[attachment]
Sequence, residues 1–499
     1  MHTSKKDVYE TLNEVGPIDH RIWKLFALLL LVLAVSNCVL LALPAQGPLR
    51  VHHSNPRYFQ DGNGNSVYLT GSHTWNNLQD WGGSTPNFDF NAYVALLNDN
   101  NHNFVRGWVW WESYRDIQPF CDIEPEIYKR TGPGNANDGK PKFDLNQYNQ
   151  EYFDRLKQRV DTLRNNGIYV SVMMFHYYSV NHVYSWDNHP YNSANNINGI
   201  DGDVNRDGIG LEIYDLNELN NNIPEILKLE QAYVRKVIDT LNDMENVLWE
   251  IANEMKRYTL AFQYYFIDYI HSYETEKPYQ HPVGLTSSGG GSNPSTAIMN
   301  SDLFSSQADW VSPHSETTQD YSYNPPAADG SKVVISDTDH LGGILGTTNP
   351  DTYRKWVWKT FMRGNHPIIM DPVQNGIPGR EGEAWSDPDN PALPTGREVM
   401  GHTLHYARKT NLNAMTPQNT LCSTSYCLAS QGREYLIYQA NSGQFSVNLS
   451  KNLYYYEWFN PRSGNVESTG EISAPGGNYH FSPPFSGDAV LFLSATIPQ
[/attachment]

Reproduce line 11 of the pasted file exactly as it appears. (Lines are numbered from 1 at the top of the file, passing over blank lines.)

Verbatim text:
   451  KNLYYYEWFN PRSGNVESTG EISAPGGNYH FSPPFSGDAV LFLSATIPQ